Merhaba, Çok Guzel.

15 11 2012

Merhaba Çok Guzel: “Hello, Beautiful.”

Fishermen on the Bosphorus Bridge in front of the New Mosque.

Amidst the roasted-walnut street vendors, the hagglers, the tourists, and the fishermen, lies a city rich with history, culture, and modern life. It’s a city of contrast, of loud sellers shouting in Turkish, and quiet mosques full of praying people; of water and straights; greenery, and steep, narrow streets. Istanbul holds a fascinating charm over both its visitors and life-long inhabitants who love it for the life and vibrancy as well as its peace. Tourists come to see the Hagia Sophia, the Grand Bazaar, the street vendors, the Blue Mosque, and the Topkapi Palace, and end up instead acquiring a taste for the culture and diversity of people who live there. If you offer a word of conversation, a moment of hospitality, or a Turkish word or two, you will find that the people have much to offer, and they will give their stories, wisdom, and possessions as freely as a bird’s song.

Map of Istanbul: Galata is on top, the Historical Peninsula is below it with the Bosphorus running between them. Asia is on the right. (Click to enlarge).

You start off your Istanbul journey in Taksim Square, a main street in the Galata area. This is where any demonstrations, political activists, or basically anyone who wants to proclaim something to the world will go. Istanbul has gone through much modernization and updates in the past decades (started by the infamous and well-loved Ataturk, founder of the Republic of Turkey), and walking down Taksim Square, it’s hard not to notice the commercialism that the city has produced in recent years. But the small shops and mobile sellers illustrate that Walmart has not yet taken over the world, and if you step off the beaten, crowded path, you will find a multitude of small coffee/tea shops, pastry places, and fresh milk (suk) sitting outside for purchase.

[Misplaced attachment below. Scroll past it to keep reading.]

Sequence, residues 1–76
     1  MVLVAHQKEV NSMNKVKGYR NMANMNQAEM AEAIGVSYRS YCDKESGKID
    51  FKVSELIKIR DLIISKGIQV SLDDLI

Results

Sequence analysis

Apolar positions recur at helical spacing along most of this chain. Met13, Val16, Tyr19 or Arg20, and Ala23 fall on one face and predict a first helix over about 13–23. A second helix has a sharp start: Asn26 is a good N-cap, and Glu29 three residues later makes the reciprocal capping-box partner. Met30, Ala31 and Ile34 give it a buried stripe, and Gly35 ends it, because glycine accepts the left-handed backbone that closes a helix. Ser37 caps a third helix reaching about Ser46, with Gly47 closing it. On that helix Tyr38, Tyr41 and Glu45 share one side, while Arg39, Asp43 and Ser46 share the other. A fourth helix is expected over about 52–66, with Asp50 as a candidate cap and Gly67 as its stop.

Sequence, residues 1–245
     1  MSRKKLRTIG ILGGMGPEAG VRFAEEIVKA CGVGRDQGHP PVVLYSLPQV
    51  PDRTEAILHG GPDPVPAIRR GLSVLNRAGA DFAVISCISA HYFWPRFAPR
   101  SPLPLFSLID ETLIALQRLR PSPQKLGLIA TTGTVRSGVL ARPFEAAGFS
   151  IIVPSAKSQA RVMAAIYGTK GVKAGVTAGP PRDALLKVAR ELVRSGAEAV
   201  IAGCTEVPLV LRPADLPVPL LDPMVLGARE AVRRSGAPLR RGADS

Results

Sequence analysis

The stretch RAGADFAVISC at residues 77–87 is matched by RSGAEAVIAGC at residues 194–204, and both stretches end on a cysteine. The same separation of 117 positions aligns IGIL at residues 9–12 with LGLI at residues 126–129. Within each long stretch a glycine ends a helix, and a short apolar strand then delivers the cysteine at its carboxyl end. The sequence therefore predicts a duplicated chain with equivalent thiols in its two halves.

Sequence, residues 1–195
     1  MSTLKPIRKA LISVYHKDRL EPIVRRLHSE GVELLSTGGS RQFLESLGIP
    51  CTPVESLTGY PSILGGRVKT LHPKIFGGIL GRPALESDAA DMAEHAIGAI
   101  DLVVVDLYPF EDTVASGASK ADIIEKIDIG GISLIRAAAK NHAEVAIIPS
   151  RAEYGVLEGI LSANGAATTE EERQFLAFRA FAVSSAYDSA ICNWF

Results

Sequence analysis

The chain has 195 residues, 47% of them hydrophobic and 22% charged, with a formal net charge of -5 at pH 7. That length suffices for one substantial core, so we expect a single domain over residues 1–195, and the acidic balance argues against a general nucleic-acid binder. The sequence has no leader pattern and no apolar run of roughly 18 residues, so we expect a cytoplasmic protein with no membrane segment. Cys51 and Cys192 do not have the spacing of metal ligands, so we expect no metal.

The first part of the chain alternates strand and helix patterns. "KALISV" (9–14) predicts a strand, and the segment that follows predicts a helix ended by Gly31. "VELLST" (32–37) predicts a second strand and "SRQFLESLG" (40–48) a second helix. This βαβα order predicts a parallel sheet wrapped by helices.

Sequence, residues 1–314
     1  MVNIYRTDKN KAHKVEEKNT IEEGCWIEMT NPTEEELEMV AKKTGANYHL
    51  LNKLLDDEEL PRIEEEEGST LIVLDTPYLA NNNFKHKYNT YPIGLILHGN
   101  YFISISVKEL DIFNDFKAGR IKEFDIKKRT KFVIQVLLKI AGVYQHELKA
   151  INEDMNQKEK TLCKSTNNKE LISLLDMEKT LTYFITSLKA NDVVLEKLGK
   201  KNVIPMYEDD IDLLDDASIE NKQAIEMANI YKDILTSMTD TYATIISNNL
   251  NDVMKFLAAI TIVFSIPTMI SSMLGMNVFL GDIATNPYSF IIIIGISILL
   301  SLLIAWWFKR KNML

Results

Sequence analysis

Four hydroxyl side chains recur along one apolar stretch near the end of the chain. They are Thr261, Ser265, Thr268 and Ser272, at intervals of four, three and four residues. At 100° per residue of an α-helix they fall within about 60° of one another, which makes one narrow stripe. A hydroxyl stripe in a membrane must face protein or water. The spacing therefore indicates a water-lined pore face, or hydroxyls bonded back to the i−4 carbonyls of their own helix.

Bosphorus

If you head down to the water and pass the massive cruise ships housing hundreds of tourists, make sure you drop by a simit stand, where you can purchase a Turkish bagel with sesame seeds for 1TL, or about 50 cents. And to complete your breakfast, ask for some orange juice, freshly squeezed in front of your eyes. Crossing the double-leveled bridge from Galata over the Bosphorus will bring you past a surprising amount of people fishing, day or night. And you should cross the bridge, because it will bring you nearer to the Spice Bazaar (market), the Grand Bazaar, and into the Historical Peninsula that is so famous to the world. Most of the “important” attractions to the city reside in this district, and it is nearly always crowded and lively.

Topkapi Palace

Topkapi Palace ariel model.

If you head directly East, you will eventually end up climbing toward the Topkapi Palace, which overlooks the water and promises exceptional panoramic views. This palace was the residence to Ottoman Sultans for around 400 years, when Sultan Mehmed II conquered Constantinople (this was the previous name of Istanbul during the Byzantine era). It houses thousands of precious jewelry, weapons, and architecture, including a special section called the Harem, where the Sultan’s family and numerous concubine slaves lived.

Bridge from Europe (Left) to Asia (Right).

Istanbul is actually a city that sits on two continents: Europe and Asia. Though the Historical Peninsula (and therefore, the Topkapi Palace) is on the European side, you can easily see the Asian side, as well as the bridge that connects the two, which is closed off one time per year for the city to walk/run across at its leisure.

Hagia Sophia

The Hagia Sophia has an orange tint and a simple structure, which is typical of Byzantine architecture.